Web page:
Water officials respond to perchlorate-contaminated well
While officials continue to tackle perchlorate contamination on many fronts, recent tests on water from a well shut down five years ago showed levels of the suspected carcinogen still requiring specific action.
In April 2012, a well identified by officials at the Santa Clarita Valley Water Agency as Well V-205 was voluntarily shut down after low concentrations of perchlorate were found.
The MCL is the state-set threshold for how much perchlorate can be found in water before it requires “treatment action.” This well was taken out of service long before the levels reached the MCL, according to water officials.
“Treatment to remove perchlorate is an established and proven technology,” said Leserman.
Out-of-service well Since first detected in groundwater wells in the Santa Clarita Valley in 1997, the predecessors to the new SCV Water (formerly Newhall County Water District, Santa Clarita Water Division, Valencia Water Company and Castaic Lake Water Agency) have worked diligently with state environmental and health regulators to address the problem and seek reimbursement for groundwater cleanup and replacement water supply costs from responsible parties, the Whittaker Corp. and its insurers.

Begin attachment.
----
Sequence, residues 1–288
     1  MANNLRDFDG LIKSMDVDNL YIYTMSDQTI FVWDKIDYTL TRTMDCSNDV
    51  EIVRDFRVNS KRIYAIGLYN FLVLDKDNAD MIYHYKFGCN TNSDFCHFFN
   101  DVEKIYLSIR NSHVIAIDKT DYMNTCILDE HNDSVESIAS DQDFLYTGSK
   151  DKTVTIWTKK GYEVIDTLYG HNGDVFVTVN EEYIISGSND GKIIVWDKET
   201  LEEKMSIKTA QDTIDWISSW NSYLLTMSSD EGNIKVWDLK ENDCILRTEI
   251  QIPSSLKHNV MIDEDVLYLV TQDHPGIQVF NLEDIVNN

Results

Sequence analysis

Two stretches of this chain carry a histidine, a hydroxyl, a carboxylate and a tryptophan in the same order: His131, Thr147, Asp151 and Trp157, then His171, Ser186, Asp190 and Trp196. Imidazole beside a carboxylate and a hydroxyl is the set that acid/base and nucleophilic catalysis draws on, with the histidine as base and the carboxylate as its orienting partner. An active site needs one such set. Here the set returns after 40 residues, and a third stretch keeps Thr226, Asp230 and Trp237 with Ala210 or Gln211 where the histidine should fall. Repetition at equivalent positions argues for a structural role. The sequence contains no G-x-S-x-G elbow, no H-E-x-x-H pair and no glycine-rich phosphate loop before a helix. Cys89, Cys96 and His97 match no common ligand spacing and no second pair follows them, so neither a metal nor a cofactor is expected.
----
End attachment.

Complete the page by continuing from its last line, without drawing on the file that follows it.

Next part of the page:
Through extensive technical investigations, best practices were identified for control strategies, as well as the most effective and least costly treatment processes.
The result, according to SCV Water Agency officials, is a state-of-the-art Saugus Perchlorate Treatment Facility near Lowe’s off Bouquet Canyon Road, at the same location as SCV Water’s Rio Vista Intake Pump Station.
It began delivering treated groundwater in January 2011.
As a result of all those “operations,” a known perchlorate contaminant plume has been identified in the SCV and several wells have tested positive for perchlorate.
The cleaned water, according to the plan, will be discharged into the Santa Clara River watershed to recharge SCV’s groundwater.